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23 July 2021



With over half a million people 'pinged' by the NHS COVID-19 app last week, Make UK say over three quarters of manufacturing companies have seen their business affected, with one in 10 reporting up to 25% of their employees self-isolating. The impact includes closures of bars and restaurants, delays in food and drink supplies and loss of productivity across sectors. In print, the story has been no different, with many of you contacting us to let us know about the challenges you face as a result.  

While anyone receiving a ping is clearly told how many days to self-isolate for, what's been less clear is the legal status of these mobile phone alerts. Unhelpfully, the Government has confused the situation further, with various ministers giving mixed messages about what being pinged - and refusal to comply - actually means.

This FAQ gives you the facts about what you need to do, what's likely to change and when, and the lobbying the BPIF is doing on your behalf.

Do I have to self-isolate?

If you are alerted (or 'pinged') by the NHS COVID-19 mobile phone app, then you are advised to self-isolate for the period the app instructs. This is Government guidance and not a legal requirement. It is also not a legal requirement to download the COVID-19 app - having the app on your mobile phone is voluntary.

If you are contacted by the COVID-19 Test & Trace service (this will be in the form of an email, text message or phone call) then self-isolation is a legal requirement. Not complying can incur a fine of £1000.

Will the situation get worse?

With more social contact following the lifting of most restrictions on 19 July, it's likely the so-called 'pingdemic' isn't over yet. However, from 16 August the rules change - anyone pinged by the app who has been double-vaccinated (with the second vaccination received two weeks or more prior) will not be advised to self-isolate.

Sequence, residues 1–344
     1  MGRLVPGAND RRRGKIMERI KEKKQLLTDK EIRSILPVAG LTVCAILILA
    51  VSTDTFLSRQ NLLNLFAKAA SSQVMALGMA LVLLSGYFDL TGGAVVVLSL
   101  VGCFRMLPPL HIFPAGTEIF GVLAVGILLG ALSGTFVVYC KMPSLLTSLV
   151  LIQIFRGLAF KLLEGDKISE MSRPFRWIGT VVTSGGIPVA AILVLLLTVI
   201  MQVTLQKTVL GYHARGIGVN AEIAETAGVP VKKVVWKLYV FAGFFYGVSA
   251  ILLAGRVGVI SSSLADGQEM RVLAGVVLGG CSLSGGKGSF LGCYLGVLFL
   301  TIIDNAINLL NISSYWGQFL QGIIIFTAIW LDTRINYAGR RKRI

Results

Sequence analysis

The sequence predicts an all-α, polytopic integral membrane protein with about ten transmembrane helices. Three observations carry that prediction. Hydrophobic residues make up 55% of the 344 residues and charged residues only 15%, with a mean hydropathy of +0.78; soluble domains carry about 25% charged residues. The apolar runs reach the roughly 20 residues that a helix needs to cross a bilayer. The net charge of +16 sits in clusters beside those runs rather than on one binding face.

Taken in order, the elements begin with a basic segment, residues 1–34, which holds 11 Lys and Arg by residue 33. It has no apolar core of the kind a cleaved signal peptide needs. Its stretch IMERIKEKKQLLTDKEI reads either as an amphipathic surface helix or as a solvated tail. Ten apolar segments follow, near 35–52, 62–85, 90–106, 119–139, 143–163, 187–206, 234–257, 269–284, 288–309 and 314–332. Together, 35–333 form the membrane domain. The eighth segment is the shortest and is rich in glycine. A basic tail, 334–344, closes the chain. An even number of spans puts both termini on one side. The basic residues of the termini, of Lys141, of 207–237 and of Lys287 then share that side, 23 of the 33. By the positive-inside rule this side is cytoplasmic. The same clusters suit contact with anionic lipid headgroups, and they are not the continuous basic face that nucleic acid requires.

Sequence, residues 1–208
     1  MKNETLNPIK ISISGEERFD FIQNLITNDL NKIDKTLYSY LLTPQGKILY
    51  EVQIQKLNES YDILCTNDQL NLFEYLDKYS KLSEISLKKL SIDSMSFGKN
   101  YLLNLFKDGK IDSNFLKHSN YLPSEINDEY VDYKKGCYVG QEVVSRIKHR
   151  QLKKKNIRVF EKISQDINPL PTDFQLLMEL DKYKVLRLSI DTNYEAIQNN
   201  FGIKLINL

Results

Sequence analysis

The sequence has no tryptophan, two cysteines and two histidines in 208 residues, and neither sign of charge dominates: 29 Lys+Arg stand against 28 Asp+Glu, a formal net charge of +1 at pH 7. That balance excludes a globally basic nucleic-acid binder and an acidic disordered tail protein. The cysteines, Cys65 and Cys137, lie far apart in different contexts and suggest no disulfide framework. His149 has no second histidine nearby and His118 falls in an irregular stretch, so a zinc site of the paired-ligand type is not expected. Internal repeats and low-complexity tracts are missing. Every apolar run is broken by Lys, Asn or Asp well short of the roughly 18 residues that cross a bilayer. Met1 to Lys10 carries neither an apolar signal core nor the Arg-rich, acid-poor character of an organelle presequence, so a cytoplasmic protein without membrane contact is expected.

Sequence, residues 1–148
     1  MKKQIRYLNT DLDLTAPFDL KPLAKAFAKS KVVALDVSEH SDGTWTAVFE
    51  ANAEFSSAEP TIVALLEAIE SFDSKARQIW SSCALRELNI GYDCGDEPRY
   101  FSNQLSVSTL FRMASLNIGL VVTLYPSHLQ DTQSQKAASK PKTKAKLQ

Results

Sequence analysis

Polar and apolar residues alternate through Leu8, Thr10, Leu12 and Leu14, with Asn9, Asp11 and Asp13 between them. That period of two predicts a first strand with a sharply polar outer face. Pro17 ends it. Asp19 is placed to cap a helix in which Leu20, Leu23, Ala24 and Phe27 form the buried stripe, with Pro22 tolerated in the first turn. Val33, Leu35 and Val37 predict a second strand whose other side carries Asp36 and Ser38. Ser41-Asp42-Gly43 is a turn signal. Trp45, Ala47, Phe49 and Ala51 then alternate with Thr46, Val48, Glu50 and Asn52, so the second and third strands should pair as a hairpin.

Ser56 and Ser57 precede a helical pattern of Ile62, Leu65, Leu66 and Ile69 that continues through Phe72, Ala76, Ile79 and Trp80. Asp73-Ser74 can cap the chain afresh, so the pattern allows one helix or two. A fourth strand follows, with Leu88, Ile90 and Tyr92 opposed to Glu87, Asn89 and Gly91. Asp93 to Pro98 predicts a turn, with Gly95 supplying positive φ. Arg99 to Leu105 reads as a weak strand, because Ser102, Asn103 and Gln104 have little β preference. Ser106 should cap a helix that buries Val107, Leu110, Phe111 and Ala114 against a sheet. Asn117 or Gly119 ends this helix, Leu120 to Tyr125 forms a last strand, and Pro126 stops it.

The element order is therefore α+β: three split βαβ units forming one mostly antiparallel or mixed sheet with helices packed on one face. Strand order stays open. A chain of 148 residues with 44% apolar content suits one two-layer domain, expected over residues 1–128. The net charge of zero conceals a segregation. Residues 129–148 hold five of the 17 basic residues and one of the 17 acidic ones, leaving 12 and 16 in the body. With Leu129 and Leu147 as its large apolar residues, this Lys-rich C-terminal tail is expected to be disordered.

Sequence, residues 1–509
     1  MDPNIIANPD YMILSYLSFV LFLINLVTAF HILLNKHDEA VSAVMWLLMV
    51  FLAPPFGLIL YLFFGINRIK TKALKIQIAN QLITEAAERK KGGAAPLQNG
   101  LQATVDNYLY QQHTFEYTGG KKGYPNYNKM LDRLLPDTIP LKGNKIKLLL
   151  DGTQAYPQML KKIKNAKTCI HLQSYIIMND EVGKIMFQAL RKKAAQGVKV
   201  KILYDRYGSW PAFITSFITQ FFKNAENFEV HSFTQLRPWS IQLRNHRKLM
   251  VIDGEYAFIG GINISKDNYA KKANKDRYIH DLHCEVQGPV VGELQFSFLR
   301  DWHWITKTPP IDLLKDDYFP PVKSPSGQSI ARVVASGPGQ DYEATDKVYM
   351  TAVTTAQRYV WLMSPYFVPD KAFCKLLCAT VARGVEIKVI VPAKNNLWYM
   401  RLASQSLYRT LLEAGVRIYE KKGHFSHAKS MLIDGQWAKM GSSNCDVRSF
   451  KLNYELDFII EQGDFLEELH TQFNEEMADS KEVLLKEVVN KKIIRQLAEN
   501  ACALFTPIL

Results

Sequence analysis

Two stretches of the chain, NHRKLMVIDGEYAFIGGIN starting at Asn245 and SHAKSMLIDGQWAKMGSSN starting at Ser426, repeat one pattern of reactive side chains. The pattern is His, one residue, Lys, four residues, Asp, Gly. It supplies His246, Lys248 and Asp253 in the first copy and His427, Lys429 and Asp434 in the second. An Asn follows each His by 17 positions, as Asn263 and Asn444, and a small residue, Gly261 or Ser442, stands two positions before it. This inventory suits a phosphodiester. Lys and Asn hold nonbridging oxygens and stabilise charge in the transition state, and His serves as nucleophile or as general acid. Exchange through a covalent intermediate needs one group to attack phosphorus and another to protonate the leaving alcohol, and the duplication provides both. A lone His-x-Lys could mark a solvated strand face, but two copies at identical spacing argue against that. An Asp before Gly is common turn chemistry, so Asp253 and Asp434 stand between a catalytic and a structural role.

Is anyone exempt?

Yesterday evening (22 July), the Business Secretary announced a list of 16 exempt sectors and the conditions which apply. Workers in these sectors are allowed to go to work provided they:

  • have been double vaccinated (with the second jab taking place 14 days or more prior) and
  • take a daily test with a negative result and
  • work for a company which has received a letter from the government on which the company's name is included.

The exempt sectors are:

  • food production and supply
  • energy
  • civil nuclear
  • digital infrastructure
  • waste
  • water
  • veterinary medicines
  • essential chemicals
  • essential transport
  • medicines
  • medical devices
  • clinical consumable supplies
  • emergency services
  • border control
  • essential defence outputs
  • local government.

Companies which have not received a letter but which do business in, or supply into, one of the above sectors can apply by emailing the relevant government department:

Food packaging and supply - email [email protected]

Medicines, medical devices and clinical consumable supplies - email [email protected]  

Local government - email [email protected]

If your company does not fit into any of the listed sectors, but you feel you deserve an exemption, contact the Department for Business on [email protected]

What is the BPIF doing?

The Federation is making representations on your behalf to the Department of Business, Energy & Industrial Strategy regarding the impact of the self-isolation rules. With many of you finding production affected by staff shortages, we are supporting Make UK's call for the 16 August change to be brought forward, removing the self-isolation advice for those who've been double-vaccinated. 



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For more information please contact:
Carys Davis
Carys Davis
07854 950316